Deep Sea Mining Update, part one
One of the most disconcerting proposals for exploitation of ocean resources in the deep sea mining — access through extraction technology to material underwater and heretofore beyond the grasp of the world’s mining industry. One part of public opposition to the possibility is the demonstrated outcome on mining on land — the vast pits, the scarified landscape, the decapitated mountain-tops, the residual consequence, corrupted watershed, and chemical deposits that often make such sites designated “wastelands,” sometimes qualifying for clean-up by legislated “super-funds” which may or may not be adequate to the problem, may or may not be even available. It does not take much imagination to visualize such destruction underwater, off-shore where surely additional similar deposits abound.
For me, one the most surprising targets for ocean mining is sand, something one may assume to be ubiquitous on land. Consider beaches for example, as an intervening supply. But one can also understand the prohibitive outcry should large earth moving equipment suddenly one day arrive to scoop up the recreational potential of our coastal beaches.
Far better to find a place far, far away from an inquiring public — Papua New Guinea for example — where mining the sea floor can be undertaken at scale with no important impact of protesting society — the local, poor, dependent villagers of that remote place without significance or power. This is, of course, the strategy of Nautilus Minerals, the sponsors of Solwara 1, a deep ocean mining experiment located at a 1600 meter depth in the Bismarck Sea, approximately 25 km from the coastline of New Ireland Province, 35 km from Duke of York Islands and 60 km from Kokopo township in East New Britain, all within the territorial waters of, you guessed it, Papua New Guinea.
The project has attracted enormous international interest. The principal, Nautilus, a Canadian company, sought numerous investors to include Anglo-American, a global extraction corporation, with successful enterprise in the recovery of diamonds, copper, platinum, coal, iron, manganese, and nickel. Other investors include Metalloinvest Holding, a Russian mining company, and MB Holdings from Oman, providing bridge loans that, according to a recent press report, as of May 15, 2018, amount to $11.25 billion at 8% interest payable bi-annually, one year maturity, plus 48,324,740 share purchase warrants issued as further partial consideration. According to a press account on June 25, 2018, “USM Holdings, the ultimate parent holding company of Metalloinvest Holding, registered in Cyprus, is controlled by Russian billionaires Alisher Usmanov (49%) and Vladimir Skoch (30%). In the April 6, 2018 sanctions imposed by the United States, Vladimir Skoch’s son was one of the seven Russian tycoons sanctioned,…” (learn more about the 7 Russians sanctioned) Also, in the past month, Anglo-American divested its ownership share. Not information conducive to public confidence.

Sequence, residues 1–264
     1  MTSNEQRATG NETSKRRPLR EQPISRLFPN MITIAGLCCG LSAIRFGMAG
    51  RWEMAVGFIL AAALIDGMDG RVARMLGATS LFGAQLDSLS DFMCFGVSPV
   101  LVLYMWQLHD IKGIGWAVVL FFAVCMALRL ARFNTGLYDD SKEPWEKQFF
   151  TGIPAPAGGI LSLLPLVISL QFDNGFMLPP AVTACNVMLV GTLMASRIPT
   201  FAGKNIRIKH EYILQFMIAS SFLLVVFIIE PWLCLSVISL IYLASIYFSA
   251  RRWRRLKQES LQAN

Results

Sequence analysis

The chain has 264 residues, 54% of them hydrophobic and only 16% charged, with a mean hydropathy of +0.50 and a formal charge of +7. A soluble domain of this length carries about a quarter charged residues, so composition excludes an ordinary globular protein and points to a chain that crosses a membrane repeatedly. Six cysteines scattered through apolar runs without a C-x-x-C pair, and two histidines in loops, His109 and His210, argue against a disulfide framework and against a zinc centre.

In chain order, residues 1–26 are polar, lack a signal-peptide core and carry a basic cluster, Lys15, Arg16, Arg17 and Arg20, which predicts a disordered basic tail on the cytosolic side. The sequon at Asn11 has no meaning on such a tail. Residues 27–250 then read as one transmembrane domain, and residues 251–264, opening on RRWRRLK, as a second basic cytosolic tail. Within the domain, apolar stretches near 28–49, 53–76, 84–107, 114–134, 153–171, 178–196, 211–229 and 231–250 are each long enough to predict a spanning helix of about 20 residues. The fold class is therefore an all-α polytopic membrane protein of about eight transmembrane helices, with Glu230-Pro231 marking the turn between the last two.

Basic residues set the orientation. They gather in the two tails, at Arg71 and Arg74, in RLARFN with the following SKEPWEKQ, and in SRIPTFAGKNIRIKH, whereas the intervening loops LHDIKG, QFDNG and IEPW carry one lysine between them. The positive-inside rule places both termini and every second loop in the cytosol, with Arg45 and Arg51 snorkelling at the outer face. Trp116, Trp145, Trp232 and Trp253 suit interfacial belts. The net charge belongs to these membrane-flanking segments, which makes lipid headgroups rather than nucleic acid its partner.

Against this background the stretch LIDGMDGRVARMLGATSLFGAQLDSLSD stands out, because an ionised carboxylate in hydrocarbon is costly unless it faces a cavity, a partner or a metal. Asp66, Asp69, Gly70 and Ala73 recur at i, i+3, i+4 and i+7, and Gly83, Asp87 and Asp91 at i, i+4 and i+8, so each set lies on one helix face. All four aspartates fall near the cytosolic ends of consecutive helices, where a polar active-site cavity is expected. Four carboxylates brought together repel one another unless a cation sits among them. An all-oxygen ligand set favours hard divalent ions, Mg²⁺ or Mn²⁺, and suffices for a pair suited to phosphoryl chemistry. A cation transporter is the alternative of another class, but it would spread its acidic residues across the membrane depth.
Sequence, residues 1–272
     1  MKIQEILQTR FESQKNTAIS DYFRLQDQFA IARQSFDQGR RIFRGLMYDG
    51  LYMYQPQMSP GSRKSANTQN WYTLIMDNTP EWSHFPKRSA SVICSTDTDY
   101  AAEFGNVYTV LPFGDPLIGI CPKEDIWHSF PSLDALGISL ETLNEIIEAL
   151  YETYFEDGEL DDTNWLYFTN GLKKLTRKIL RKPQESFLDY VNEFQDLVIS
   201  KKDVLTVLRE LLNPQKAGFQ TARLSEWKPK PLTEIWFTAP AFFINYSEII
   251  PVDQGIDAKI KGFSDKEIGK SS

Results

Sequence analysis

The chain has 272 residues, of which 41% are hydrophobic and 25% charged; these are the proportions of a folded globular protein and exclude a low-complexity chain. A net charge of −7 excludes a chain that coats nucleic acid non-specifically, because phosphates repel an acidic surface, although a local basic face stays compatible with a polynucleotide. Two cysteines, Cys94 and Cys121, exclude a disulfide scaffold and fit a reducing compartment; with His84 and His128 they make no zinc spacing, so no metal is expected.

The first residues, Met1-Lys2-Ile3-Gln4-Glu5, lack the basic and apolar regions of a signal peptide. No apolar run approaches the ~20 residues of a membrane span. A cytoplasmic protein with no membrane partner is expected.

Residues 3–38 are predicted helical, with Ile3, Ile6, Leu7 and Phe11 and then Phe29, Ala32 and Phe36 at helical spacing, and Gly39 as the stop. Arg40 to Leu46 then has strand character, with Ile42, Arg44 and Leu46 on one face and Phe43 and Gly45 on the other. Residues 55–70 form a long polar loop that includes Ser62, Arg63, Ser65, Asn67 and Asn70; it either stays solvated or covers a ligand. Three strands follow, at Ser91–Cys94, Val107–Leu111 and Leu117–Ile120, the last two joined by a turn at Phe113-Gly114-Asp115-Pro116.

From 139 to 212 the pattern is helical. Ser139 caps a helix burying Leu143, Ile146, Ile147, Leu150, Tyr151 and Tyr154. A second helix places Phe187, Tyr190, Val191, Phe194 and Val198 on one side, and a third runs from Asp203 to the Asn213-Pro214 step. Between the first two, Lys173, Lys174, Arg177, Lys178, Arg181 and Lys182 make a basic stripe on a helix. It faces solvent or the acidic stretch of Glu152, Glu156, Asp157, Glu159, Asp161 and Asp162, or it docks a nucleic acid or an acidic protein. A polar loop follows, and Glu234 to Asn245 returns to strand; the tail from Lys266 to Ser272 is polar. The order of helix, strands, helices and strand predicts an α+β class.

At the outset, the project met, of course, with immediate growing opposition from national and international environmental groups such as Mining Watch Canada, the Mining Justice Alliance, and the Deep Sea Mining Campaign, as well as determined internal New Guinean testimony at hearings and legal actions through the New-Ireland community-based Solwara Warriors. Andy Whitmore of the Deep Sea Mining Campaign stressed, “Anglo’s decision to divest, on top of Nautilus’s myriad problems, proves the company is running out of both credit and credibility. It is not just the company that is sinking, but the project — and the concept of deep sea mining itself — that is going down with it.”
If that is the case, the defeat is both spectacular and welcome.
Let’s ask some questions about this situation:
First, why is such a project necessary at all? Why would government support economic development that is so destructive to other aspects of the local and national economy? Given any meaningful due diligence, how could government permit such risk in partnership with such risky investors? Second, what is the financial rationale for such investment? Serious shareholder value was placed as a long odds bet on hypothetical success? Russian oligarchs may not care, but presumably Canadian investors and financial oversight and government agencies do. The situation is rife with potential for fraud. Third, what will we learn from this fiasco? Will it be similar to Shell Oil’s multi-billion dollar lost in drilling for Arctic oil — just another inconsequential footnote on the great global balance sheet where profit and loss by natural resource exploitation is calculated and accounted for as a meaningless number? Finally, what happens next? Another profound, and unanswered challenge for the sustainable ocean.
Part two is available here.
W2O first reported on the Papua New Guinea Solwara 1 project back in July of 2017. That episode of World Ocean Radio is available here.
PETER NEILL is founder and director of the World Ocean Observatory and is author of “The Once and Future Ocean: Notes Toward a New Hydraulic Society.” He is also the host of World Ocean Radio, a weekly podcast addressing ocean issues, upon which this blog is inspired.